"Conversation piece" was one of Hogarth's contributions to enlargement of the scope of painting in 18th century England. The idea refers to a painting of an informal group, which was not in itself new, nor the invention of Hogarth alone. The small-scale picture of family or friends in their habitual routines or diversion became popular early in George II's reign under the influence of Flemish and Dutch prototypes, to which were added the influence of pastorals and scenes from Italian Comedy and their groups of actors.
Hogarth's influence appropriated the conversation piece for the English, exhibiting his dislike for formal portraiture and what he contemptuously called "phizmongering." Pursuing the taste adjusted to the middle-class consciousness led him to paint many individual portraits on a scale approximating life-size of the common man and woman, and these portraits are sometimes considered to be his best work.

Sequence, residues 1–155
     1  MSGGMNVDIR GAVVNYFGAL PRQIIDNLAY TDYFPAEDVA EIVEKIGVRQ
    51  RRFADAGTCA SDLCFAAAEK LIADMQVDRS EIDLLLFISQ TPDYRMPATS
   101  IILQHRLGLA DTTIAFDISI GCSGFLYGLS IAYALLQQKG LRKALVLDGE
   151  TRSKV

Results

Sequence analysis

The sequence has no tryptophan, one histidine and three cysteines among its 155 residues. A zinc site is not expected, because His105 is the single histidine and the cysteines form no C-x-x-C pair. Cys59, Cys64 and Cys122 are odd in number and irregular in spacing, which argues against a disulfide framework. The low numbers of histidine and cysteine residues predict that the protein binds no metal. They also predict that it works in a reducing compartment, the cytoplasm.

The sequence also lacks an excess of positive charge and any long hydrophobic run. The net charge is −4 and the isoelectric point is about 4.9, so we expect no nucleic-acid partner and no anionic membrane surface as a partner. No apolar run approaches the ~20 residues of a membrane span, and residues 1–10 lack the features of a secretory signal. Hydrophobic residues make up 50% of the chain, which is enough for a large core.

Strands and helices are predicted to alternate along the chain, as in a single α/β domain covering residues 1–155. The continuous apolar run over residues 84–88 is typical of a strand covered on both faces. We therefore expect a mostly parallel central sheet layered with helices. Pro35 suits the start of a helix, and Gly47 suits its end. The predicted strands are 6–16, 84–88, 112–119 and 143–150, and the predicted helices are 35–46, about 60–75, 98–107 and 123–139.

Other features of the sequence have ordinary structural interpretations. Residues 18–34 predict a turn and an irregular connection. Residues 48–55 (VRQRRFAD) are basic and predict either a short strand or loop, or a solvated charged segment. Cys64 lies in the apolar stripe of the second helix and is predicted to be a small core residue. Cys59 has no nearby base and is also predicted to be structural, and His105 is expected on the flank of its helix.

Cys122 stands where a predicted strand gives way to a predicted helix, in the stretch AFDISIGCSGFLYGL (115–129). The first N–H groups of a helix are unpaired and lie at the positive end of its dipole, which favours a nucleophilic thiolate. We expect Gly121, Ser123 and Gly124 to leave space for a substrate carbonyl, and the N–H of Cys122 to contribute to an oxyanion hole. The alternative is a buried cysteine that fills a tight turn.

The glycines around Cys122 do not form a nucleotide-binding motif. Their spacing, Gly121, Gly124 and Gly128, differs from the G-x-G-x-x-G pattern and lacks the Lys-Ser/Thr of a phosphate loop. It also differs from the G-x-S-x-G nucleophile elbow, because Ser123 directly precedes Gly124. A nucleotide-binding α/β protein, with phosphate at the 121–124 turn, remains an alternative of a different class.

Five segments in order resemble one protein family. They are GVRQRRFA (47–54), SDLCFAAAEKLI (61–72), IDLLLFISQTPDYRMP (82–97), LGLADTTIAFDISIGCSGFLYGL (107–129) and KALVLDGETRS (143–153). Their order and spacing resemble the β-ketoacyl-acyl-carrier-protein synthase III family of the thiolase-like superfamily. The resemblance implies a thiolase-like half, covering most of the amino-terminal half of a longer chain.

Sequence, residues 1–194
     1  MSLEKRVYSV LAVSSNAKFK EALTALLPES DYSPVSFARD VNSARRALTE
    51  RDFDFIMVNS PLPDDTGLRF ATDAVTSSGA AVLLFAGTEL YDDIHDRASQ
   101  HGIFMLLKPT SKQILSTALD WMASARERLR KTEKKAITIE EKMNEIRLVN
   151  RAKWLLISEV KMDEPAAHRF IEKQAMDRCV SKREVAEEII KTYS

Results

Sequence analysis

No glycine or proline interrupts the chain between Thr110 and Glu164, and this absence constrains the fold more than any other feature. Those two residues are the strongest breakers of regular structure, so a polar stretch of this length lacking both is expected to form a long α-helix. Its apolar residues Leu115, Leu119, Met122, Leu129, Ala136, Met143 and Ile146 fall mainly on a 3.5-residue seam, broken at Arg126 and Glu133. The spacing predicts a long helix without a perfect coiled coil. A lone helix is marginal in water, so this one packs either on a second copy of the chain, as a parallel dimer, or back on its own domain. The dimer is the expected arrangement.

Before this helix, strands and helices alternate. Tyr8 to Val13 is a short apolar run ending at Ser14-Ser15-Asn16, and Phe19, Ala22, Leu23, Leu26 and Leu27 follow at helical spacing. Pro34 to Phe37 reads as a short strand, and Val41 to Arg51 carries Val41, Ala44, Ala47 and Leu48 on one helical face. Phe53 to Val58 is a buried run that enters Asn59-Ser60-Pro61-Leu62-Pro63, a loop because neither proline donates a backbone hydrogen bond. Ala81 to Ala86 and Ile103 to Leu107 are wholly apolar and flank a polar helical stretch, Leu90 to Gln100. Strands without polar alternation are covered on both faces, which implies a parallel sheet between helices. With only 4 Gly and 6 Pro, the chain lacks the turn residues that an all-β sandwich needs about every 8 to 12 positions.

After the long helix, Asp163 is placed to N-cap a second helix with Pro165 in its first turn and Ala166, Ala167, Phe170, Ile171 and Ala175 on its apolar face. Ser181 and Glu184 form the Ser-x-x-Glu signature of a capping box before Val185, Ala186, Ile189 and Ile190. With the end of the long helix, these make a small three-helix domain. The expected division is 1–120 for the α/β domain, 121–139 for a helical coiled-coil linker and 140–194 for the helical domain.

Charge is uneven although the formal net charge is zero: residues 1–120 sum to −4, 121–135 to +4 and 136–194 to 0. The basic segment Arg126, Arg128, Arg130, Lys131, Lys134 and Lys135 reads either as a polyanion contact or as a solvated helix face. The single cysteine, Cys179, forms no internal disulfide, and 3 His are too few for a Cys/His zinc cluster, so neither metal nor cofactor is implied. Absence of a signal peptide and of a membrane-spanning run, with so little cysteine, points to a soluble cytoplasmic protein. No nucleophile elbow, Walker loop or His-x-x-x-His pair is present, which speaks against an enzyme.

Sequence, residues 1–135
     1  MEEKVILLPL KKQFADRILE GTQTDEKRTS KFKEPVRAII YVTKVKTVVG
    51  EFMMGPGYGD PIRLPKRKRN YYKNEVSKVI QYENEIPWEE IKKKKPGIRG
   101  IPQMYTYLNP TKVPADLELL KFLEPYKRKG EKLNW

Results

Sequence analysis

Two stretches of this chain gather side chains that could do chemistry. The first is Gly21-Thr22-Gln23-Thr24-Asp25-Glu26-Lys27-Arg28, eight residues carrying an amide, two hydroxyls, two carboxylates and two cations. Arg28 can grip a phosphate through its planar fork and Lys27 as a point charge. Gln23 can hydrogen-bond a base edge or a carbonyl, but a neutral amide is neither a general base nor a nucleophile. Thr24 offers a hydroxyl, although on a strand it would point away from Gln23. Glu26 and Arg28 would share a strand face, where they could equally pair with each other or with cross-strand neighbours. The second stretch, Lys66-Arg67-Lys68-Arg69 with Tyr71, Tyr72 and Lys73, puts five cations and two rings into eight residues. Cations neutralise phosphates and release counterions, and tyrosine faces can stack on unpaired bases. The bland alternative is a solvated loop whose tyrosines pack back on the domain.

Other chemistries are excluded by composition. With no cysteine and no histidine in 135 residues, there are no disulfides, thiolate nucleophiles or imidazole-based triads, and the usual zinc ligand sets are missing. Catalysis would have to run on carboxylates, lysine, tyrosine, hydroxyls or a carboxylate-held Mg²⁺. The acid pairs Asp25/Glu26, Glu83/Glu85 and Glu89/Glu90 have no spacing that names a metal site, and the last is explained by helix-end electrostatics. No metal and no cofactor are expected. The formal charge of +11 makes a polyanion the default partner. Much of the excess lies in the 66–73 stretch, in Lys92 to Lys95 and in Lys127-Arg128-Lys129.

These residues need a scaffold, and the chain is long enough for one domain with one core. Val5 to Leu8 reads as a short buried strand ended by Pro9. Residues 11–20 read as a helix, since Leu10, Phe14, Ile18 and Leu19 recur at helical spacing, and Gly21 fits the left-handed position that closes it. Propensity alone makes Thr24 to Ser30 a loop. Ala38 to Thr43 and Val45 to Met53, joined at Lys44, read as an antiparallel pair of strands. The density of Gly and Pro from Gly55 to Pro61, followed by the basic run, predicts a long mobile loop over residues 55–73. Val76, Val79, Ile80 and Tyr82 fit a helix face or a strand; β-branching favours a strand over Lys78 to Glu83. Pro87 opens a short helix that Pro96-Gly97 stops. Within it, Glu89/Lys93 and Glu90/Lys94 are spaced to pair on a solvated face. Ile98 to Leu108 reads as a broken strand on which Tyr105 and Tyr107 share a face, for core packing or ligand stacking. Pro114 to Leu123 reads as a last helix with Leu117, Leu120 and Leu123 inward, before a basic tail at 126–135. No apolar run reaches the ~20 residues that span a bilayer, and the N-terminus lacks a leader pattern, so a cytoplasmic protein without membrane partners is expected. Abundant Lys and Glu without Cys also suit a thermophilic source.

The small conversation piece was another escape from the boredom of conventional portraiture. The 'puppets' -- the models or characters in his paintings -- could be arranged in a composition to his liking, and such agreeable side activities were involved as the still life of objects in an interior or the painting of a landscape backcloth for an open-air group. Taking advantage of the growing vogue for such small works in the 1720s, and under the necessity of earning more money than the craft of engraving could provide, after his runaway marriage to Sir James Thornhill's daughter in 1729, Hogarth quickly became the leading exponent of the genre.
Joseph Highmore's illustrations of Pamela are only one branch of development for the conversation piece. Highmore used the conversation piece as a means of representing the characters and incidents of a novel within a stage-like area.
Joseph Highmore, Pamela Writing, 1745
Source: Einberg, Elizabeth, and Judy Egerton. The Age of Hogarth: British Painters Born 1675-1709. London: The Tate Gallery, 1988.